Full Disclaimer - Nothing on this site should ever be considered advice, research or the invitation to buy or sell securities. These are my personal opinions only.

6 thoughts on “The top 6 indicators on the state of the economy

  1. Hi Paul,

    Thanks as always for posting such great info.

    I know there has been criticism for awhile about how accurate the unemployment rate is, and I am sure there are similar criticisms for some of these other indicators you mention. I have not put too much stock into these criticisms, but with our current president I am getting a bit more concerned. Curious what you think about this:


    1. Hey Tony, I don’t think much about stuff like that. It’s all politics like most of the criticisms of gov’t data.
      That could change of course but I doubt it.


  2. Paul, appreciate the information here and in your other posts on economic indicators. (I would have added this to your most recent post, but I can’t find a comment link.)

    Simple, but fundamental, question here: this is extremely interesting, but do these more complex means of economic tracking offer meaningful benefits to investors besides just using the SPY-UI indicator, or something else comparably simple, to improve risk-adjusted returns?

    I’d have to think they do, knowing your general preference for simplicity, but I understood from the series of posts relating to the SPY-UI indicator that it pretty much had been demonstrated to be the easiest and most effective way over time of avoiding deep drawdowns.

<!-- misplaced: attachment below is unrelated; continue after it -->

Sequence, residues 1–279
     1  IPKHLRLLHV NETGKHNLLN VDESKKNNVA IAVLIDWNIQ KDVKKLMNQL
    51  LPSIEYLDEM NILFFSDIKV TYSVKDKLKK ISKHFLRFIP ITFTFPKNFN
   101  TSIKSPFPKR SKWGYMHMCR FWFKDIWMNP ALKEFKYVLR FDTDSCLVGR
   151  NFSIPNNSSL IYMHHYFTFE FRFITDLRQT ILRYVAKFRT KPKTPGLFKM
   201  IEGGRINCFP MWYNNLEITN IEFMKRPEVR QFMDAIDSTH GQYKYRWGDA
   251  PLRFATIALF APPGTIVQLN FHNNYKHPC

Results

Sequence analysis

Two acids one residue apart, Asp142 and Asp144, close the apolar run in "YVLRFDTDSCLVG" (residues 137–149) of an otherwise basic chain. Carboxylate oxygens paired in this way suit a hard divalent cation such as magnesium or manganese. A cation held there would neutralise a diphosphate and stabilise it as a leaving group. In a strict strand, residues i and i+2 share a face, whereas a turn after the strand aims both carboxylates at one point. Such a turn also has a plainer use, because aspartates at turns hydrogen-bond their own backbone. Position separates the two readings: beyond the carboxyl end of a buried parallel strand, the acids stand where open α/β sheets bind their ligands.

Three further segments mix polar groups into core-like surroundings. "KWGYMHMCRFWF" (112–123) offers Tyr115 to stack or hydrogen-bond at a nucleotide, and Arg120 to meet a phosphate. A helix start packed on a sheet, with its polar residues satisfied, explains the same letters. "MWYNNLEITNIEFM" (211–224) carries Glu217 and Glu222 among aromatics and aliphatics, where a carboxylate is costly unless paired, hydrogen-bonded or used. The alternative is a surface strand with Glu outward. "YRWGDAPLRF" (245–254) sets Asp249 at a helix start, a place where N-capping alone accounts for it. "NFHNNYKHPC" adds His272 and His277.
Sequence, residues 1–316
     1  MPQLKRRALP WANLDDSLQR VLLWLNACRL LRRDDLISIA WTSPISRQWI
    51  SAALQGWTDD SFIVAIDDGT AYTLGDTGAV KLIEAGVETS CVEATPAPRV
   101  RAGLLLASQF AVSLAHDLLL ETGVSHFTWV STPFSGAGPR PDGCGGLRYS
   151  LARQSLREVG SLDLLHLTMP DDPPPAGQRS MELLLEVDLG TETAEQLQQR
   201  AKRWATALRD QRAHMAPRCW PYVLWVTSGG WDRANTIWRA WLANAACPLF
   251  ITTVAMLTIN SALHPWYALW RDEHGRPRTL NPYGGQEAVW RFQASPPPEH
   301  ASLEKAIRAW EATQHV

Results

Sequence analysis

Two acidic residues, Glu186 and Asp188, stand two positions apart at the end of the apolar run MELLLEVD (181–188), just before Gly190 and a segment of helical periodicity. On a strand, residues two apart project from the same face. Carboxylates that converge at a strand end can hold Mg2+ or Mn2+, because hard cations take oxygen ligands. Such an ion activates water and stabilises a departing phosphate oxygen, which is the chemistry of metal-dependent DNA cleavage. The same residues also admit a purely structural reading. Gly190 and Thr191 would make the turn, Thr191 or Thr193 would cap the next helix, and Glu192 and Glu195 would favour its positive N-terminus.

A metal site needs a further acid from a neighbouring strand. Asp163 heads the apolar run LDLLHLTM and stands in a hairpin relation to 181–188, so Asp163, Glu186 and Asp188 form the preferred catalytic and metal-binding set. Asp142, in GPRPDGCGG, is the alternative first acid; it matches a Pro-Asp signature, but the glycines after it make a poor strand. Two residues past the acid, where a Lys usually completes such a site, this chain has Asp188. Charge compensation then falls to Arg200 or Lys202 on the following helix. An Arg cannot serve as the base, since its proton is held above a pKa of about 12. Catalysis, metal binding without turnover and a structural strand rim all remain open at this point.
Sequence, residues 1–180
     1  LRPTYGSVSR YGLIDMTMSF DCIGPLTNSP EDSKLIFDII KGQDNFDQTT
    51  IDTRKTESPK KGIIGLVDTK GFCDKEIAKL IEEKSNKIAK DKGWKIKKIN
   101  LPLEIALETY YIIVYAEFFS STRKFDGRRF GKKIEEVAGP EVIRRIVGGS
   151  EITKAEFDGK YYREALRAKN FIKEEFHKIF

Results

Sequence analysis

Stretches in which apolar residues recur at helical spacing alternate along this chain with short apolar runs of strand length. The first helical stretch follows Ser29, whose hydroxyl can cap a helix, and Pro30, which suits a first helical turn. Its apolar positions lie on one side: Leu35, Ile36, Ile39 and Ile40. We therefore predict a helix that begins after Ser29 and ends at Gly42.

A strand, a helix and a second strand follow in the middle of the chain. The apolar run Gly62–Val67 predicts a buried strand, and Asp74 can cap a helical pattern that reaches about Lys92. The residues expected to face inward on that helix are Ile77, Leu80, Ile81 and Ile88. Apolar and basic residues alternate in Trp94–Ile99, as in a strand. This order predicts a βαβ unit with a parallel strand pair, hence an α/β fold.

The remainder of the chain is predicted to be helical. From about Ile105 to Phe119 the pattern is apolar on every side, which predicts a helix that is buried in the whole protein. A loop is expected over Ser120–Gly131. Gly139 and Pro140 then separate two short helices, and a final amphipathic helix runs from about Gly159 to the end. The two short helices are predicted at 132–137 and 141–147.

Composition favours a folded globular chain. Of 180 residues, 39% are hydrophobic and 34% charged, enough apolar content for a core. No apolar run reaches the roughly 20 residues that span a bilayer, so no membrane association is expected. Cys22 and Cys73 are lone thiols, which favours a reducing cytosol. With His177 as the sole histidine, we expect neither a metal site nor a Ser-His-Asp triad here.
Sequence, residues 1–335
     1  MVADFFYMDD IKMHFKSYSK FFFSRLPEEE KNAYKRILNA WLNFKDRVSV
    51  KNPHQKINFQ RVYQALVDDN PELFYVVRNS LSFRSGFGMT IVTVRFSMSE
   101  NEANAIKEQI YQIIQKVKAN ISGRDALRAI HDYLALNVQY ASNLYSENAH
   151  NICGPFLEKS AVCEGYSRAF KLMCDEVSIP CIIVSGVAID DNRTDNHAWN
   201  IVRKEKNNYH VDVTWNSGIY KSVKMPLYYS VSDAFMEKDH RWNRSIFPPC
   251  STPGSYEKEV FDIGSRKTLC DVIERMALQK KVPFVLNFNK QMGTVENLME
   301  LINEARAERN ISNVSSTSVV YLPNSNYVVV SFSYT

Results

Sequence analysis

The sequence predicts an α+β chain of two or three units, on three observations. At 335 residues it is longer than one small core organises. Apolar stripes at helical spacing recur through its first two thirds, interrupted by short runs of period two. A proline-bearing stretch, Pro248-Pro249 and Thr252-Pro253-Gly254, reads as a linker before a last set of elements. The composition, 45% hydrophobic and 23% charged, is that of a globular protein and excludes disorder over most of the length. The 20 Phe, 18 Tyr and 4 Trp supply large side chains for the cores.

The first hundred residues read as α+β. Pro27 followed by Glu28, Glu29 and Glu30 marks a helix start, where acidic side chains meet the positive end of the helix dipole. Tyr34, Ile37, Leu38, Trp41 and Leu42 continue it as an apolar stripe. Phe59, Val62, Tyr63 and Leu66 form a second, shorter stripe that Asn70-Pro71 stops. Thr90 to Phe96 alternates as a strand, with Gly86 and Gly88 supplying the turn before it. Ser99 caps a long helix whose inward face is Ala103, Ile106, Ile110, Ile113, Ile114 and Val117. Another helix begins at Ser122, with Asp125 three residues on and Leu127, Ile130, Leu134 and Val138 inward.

I’d imagine there are ways to try to be more precise and get out closer to tops, but at the cost of whipsaws.

    1. Hey Damian,

      Great question. My answer right now is I don’t know. The SPY-UI system remains king in my book and it is what I am using in my investment portfolio. But the SPY-UI system has some big holes that I’m looking to improve. Right now, a composite indicator based on my top 6 indicators does about the same as the SPY-UI system going back to 1973. I do find the heat maps add important context though. For example, the UI signal triggered last year, but the SPY-UI did not. This made many people quite nervous. The heat maps were providing no confirming signals. In subsequent months the UER was revised and the UI trigger went away. So, at worst I figure all this stuff is important for context, confirmation, and maybe most important emotional management.


      1. Belated, but well-deserved, thanks here — appreciate this and all your fine work. This might be obvious, but I’ll say it explicitly — I never would have ventured into economic indicators if not for your investigation and presentation that you’re doing in these posts. I likely would have been yet another “it’s all manipulated anyway” types, and I know all too well that you lose money and/or opportunity with that mindset.

        1. Happy to hear Damian. And congrats on making the transition. Most can’t.